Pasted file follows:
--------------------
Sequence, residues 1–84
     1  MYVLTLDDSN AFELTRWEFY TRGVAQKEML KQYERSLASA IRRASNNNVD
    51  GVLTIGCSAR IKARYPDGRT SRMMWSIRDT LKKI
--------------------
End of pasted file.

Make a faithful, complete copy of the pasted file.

Sequence, residues 1–84
     1  MYVLTLDDSN AFELTRWEFY TRGVAQKEML KQYERSLASA IRRASNNNVD
    51  GVLTIGCSAR IKARYPDGRT SRMMWSIRDT LKKI